She’s a historian at heart who takes great pride in being part of things that have been so successful for such a long time. Reeve built a championship culture here in Minnesota while deepening the dynastic impact that USA Basketball has had on players from all four corners of the country.
The task for Reeve now, both with the Lynx and USAB, is to uphold championship cultures through transitional periods. A key part of that is telling stories.
“I think’s what I’m always on a mission to do,” Reeve said. With [Lynx players], when (the 50th anniversary of) Title IX comes around, and we start talking about that, I want to bring people in that were a part of it that were told no, they couldn’t play basketball. Just where the players go, ‘Oh, I didn’t know that!’”
Reeve and the USAB selection committee fielded a relatively young team for this year’s FIBA Women’s World Cup, so she wanted to connect them with pillars of the USA Basketball culture. Dawn Staley, Seimone Augustus and DeLisha Milton-Jones — a trio that earned nine Olympic golds collectively — all shared their stories with the team to help the players understand the magnitude of playing for USAB and how to get the most out of the experience.
“People that live it, walk it, being able to share that with them, I think was that was a big part for me,” she said, keenly aware of how important her role leading the National Team is. “I can’t speak for the players, but it was one of the most impactful things we did in that month together.”
“The number of times that I’ve talked to a player that said, ‘I just love being a part of USA Basketball,’ like those all kind of went into this experience where we want to make sure that we continue to capture that enjoyment, and then work in a way that’s representative of all those teams through all those years,” Reeve said.
“And so not to see it as pressure to try to do what they’ve done, but a little bit more embracing that enjoyment of the journey and how it’s supposed to be hard. It’s supposed to be this level of commitment, that you’re making sacrifices. That’s what so many before you have done, and just how meaningful that is, and then to stand together on a podium accomplishing the ultimate goal and winning a gold medal.”
Reeve wants the reward of those representing the United States of America on the international stage to not only be golden, but also be a feeling that they successfully built upon the culture that was established in 1996 when the USA won gold in Atlanta.
The longest tenured coach in WNBA history holds the same hope for her Minnesota Lynx. You can bet she’ll reinforce that message with her revamped squad in 2023, especially considering a down year in 2022 that wasn’t representative of the franchise’s championship culture.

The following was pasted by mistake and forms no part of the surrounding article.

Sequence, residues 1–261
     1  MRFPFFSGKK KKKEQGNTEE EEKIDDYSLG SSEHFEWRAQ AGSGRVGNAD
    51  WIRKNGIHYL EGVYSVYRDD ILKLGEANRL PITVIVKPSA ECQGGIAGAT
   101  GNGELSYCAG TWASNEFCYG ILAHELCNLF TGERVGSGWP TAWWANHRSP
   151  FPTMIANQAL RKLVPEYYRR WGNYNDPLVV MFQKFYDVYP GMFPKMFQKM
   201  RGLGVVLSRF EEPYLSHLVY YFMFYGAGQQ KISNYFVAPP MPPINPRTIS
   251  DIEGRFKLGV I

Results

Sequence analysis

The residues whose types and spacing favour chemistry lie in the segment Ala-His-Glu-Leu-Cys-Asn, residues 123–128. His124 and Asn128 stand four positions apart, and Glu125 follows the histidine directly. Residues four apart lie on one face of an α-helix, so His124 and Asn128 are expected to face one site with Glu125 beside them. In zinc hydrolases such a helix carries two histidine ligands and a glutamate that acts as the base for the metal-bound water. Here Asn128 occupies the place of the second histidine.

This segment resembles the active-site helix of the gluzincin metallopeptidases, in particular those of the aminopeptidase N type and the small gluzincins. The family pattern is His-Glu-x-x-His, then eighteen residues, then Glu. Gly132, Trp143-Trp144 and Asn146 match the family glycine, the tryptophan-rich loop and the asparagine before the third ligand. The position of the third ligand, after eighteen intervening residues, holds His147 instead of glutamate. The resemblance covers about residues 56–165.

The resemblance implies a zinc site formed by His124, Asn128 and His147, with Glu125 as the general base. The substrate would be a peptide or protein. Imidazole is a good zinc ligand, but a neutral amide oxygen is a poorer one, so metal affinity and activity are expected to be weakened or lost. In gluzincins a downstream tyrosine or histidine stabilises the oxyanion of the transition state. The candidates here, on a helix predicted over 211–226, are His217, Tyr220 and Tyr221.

“When I don’t think it’s happening, and when I think that the culture is not being represented, they hear about it, because there’s a lot of hard work to build a culture that the 2022 team was standing on,” Reeve explained. “When it doesn’t happen, it’s really obvious why and what it is. So it’s really easy for all of us that have been a part of it to identify what’s missing. And so we try to we bring attention to those things that we are doing, because you have to have those qualities.”
Finding players that are cultural fits in aim of fielding a team that will collectively bring those championship qualities will be front of mind for Reeve and her staff this winter, because she doesn’t want to relive last season.
“I’m not gonna lie, 2022 was agonizing because, like I said, we fell short of an expectation (to make the playoffs),” Reeve said. “That’s just unacceptable, and it was unacceptable for everyone that we just couldn’t figure out how to make that happen.”
Expect the 2019 WNBA Executive of the Year and her front office will be aggressive in overhauling the team’s roster.
“There was great effort in trying to put Syl in the position that we all wanted her to be in. Obviously, we don’t have a Syl now,” Reeve said. “But we have great opportunity to improve our team. So I don’t think anyone should expect that they’re going to see the same team minus Syl. That likely isn’t happening.”
With a renovated roster built around one of the brightest young stars in the W hopefully on the way, Reeve expects more for her 2023 team.
“The expectation is to be a playoff team. ... We missed the playoffs for the first time in however long, ending a long run of playoff experiences. Now, that’s unacceptable,” Reeve reiterated. “It’s difficult for me without knowing my roster at this point to be able to say to you that I think we’re a contender. I can tell you that’s our goal in putting our team together.”
With long-term security, the team-building flexibility to make some serious noise this offseason, great relationships with an aggressive ownership team, and a sour taste in her mouth after the 2022 season, Cheryl Reeve is coming back highly motivated in 2023 to bring her team back to that gold standard.
And when the league lets the ping pong balls start flying on Friday night, they’ll let the games officially begin.